- A review of the literature on citation impact indicators. This paper is by Ludo Waltman, a researcher at the Centre for Science and Technology Studies, Leiden University, Netherlands. It “provides an in-depth review of the literature on citation impact indicators. First, an overview is given of the literature on bibliographic databases that can be used to calculate citation impact indicators (Web of Science, Scopus, and Google Scholar). Next, selected topics in the literature on citation impact indicators are reviewed in detail. The first topic is the selection of publications and citations to be included in the calculation of citation impact indicators. The second topic is the normalization of citation impact indicators, in particular normalization for field differences. Counting methods for dealing with co-authored publications are the third topic, and citation impact indicators for journals are the last topic. The paper concludes by offering some recommendations for future research.”
- Study Documents Public Domain’s Importance To Innovation And Creativity is a post on the Intellectual Property Watch website that focuses on an academic research project that highlights the value of the public domain and its importance to innovation and creativity.” In particular one empirical study in the project, showed that “use of the public domain boosts crowd-funding efforts by innovators… The research report, “Copyright and the Value of the Public Domain: An empirical assessment,” was presented by Kristofer Erickson, research fellow, School of Law, University of Glasgow, Scotland, one of the report investigators…”
- The Archival Advantage: Integrating Archival Expertise into Management of Born-digital Library Materials is an essay by Jackie Dooley for OCLC Research “that argues for involving archivists in the management of born-digital library materials (i.e., created and managed in digital form). Key highlights include:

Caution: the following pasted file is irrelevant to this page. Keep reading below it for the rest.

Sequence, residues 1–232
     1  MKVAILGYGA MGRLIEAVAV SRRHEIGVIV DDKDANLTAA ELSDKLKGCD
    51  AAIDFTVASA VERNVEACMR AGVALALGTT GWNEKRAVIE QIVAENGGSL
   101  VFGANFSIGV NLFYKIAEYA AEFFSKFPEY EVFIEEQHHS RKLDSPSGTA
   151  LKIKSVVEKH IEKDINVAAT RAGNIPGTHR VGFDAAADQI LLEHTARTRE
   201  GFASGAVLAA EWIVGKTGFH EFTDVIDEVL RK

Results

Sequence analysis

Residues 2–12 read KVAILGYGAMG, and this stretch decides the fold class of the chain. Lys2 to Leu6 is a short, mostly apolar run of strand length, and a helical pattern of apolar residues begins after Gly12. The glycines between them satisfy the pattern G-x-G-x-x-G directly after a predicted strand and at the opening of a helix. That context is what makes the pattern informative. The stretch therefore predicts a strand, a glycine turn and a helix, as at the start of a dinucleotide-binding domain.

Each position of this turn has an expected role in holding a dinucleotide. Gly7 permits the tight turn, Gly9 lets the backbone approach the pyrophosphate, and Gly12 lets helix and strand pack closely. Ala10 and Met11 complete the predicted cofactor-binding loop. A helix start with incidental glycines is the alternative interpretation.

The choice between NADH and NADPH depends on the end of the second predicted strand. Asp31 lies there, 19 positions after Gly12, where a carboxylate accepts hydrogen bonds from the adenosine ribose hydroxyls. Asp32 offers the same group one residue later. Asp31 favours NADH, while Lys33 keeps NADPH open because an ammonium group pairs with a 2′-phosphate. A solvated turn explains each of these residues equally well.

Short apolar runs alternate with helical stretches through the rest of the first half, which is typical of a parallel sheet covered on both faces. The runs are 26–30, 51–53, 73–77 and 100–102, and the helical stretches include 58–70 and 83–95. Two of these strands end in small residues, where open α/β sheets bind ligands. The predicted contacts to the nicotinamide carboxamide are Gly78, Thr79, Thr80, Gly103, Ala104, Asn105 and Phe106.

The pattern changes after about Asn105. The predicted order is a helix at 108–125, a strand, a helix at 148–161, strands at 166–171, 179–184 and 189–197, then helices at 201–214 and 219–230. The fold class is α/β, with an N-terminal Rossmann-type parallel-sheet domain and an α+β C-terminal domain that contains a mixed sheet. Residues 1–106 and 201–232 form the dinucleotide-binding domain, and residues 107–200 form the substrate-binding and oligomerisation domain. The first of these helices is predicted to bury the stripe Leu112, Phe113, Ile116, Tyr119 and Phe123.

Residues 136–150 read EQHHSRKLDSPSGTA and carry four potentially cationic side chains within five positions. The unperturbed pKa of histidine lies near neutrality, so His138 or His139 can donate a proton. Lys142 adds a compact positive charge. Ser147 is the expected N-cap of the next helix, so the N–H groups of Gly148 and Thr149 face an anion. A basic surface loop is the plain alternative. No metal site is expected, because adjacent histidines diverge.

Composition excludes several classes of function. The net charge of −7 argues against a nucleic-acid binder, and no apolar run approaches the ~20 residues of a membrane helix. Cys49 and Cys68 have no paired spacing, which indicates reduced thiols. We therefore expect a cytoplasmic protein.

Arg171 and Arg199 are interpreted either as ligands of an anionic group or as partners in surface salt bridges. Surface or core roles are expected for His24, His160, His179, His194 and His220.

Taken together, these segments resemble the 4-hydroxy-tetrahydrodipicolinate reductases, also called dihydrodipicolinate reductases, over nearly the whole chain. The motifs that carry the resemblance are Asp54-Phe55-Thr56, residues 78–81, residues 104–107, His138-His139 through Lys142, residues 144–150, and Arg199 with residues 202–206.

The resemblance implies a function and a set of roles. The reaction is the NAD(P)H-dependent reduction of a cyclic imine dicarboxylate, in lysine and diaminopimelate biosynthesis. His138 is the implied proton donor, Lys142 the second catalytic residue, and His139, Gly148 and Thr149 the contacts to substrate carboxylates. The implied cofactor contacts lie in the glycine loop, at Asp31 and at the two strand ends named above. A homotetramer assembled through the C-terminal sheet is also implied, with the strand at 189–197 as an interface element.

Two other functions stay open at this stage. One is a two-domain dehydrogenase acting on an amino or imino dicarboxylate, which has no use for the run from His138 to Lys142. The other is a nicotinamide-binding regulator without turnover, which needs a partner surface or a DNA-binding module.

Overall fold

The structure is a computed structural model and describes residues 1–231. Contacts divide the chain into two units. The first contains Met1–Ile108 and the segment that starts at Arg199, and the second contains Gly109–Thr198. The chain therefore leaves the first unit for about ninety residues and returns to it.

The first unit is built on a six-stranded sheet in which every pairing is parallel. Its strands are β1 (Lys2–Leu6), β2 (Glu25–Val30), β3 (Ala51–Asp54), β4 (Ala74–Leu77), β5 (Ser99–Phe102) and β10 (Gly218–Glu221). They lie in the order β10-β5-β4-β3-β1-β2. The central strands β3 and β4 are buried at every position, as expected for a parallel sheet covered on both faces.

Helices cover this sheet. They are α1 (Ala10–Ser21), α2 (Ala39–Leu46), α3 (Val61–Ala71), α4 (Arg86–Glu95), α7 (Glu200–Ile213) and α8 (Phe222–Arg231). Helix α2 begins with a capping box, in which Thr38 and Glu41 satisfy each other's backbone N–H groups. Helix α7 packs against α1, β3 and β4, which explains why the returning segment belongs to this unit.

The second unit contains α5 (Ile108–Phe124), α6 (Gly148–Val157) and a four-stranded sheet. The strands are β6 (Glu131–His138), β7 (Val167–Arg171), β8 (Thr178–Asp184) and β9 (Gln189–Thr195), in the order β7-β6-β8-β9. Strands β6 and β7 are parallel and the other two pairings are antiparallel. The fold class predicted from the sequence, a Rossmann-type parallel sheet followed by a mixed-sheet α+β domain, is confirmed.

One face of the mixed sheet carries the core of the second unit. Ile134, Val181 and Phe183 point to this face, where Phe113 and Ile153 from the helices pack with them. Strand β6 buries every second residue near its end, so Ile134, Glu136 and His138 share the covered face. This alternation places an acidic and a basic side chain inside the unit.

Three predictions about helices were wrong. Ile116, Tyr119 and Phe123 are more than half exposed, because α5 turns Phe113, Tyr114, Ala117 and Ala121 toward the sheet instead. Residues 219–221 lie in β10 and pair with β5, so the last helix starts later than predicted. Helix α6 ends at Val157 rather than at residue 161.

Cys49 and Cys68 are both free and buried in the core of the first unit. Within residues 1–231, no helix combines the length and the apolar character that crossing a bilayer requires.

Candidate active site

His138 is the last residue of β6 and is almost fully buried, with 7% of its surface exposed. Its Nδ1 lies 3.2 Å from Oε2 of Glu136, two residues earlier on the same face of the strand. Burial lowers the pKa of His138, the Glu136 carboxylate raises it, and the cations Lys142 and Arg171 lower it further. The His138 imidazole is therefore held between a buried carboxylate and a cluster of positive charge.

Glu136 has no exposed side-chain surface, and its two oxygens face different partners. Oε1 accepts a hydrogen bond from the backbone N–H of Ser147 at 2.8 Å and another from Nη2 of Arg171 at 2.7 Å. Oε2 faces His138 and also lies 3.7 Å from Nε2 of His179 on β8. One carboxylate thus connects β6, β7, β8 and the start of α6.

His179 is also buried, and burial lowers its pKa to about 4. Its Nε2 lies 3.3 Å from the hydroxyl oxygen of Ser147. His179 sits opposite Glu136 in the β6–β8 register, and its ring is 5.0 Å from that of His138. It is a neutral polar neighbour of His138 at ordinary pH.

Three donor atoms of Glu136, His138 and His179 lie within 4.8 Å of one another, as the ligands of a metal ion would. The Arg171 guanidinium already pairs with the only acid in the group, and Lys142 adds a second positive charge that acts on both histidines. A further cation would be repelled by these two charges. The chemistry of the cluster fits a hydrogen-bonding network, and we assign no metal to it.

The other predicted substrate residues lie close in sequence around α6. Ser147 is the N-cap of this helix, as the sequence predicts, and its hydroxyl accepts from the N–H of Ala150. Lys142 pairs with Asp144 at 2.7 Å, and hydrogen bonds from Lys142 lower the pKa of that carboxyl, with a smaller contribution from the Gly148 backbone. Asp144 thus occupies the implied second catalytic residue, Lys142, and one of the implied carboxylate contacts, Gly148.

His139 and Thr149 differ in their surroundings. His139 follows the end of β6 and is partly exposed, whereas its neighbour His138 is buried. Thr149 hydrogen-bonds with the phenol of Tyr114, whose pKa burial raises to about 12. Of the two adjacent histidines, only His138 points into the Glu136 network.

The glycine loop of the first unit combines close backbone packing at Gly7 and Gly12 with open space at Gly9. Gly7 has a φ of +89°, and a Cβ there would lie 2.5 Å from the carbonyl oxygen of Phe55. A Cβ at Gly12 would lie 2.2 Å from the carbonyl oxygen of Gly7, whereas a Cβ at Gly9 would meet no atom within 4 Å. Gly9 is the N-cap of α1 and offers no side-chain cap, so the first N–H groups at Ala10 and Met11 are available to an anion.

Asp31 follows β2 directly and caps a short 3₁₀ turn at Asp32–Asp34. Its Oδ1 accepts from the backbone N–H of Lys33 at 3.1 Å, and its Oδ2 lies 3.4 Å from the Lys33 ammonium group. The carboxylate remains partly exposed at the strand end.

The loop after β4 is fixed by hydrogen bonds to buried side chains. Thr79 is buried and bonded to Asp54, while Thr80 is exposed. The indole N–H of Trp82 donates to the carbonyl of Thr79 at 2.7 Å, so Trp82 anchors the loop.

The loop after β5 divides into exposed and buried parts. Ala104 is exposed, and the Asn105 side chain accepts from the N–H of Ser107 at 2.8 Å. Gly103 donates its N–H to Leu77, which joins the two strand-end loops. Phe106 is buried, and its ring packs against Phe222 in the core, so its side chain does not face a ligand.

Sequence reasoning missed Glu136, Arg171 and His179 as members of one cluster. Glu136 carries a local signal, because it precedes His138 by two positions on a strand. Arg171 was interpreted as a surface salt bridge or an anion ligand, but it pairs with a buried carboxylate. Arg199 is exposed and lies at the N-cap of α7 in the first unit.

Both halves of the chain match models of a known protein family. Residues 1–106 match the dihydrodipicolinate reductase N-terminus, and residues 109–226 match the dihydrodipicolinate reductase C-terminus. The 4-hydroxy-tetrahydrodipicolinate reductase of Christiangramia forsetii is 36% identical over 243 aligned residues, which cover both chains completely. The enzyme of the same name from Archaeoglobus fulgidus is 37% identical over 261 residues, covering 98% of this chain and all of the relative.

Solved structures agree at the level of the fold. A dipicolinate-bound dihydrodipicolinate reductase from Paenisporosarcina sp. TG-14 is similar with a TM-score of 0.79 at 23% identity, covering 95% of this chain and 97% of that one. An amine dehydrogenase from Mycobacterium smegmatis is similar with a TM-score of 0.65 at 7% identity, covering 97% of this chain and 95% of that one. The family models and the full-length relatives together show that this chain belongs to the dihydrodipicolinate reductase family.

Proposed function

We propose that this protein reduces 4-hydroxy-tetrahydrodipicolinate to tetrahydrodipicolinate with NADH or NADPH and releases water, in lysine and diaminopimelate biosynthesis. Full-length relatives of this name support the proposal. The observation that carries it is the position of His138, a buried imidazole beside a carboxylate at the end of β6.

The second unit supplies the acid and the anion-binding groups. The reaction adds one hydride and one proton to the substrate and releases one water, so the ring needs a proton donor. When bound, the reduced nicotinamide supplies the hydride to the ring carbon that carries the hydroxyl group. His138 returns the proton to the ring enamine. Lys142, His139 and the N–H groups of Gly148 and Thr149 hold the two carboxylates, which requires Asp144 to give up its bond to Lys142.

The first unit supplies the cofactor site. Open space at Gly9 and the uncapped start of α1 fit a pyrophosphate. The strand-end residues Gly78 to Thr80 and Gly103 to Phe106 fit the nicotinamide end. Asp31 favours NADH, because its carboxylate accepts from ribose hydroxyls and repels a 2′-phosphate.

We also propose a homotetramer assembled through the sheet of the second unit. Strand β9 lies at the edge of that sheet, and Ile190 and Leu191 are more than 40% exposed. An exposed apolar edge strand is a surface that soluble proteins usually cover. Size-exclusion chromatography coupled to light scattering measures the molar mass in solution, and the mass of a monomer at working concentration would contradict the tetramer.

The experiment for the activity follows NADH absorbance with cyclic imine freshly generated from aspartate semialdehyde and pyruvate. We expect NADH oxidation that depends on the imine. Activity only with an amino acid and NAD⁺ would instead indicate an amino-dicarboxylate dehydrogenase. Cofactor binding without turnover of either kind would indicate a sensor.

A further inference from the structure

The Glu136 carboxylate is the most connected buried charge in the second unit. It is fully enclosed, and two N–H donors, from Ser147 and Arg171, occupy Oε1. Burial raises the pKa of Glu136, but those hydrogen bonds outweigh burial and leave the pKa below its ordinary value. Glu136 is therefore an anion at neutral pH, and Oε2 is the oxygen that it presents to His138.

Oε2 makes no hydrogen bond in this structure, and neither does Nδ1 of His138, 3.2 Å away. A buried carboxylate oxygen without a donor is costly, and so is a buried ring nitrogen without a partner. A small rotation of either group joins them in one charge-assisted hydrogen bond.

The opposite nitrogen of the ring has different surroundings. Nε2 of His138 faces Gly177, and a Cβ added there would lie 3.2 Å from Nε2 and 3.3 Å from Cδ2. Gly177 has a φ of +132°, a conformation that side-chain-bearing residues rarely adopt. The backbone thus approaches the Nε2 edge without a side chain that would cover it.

* The full array of traditional archival skills is equally relevant in the born-digital context.
* Research data sets, email, websites, blogs and many other born-digital library materials have characteristics similar to analog archival materials.
* It is beneficial for digital librarians, IT experts, curators, library administrators and other research library colleagues who manage digital materials to be aware of archivists’ skills and expertise and their relevance to the digital context.
* Areas of archival expertise that other experts may lack include donor relations, appraisal, context of creation and use, authenticity, transfer of ownership and permanence…”
Tom is originally from Brooklyn N.Y but has spent his entire professional career in South Carolina, most recently as Head of Reference Services at the College of Charleston. As part of the Against the Grain and Charleston Conference team, he serves as the associate editor of the print ATG as well as the co-editor of the webpage. Tom’s conference duties include coordinating the Penthouse Suite interviews as well as the conference poster sessions.
He received his MLS from the University of Buffalo, SUNY and a second master’s in public administration from the College of Charleston and the Univ. of South Carolina. His wife Carol and he live in downtown Charleston and she is an artist and a tour guide offering historic walking tours of the city.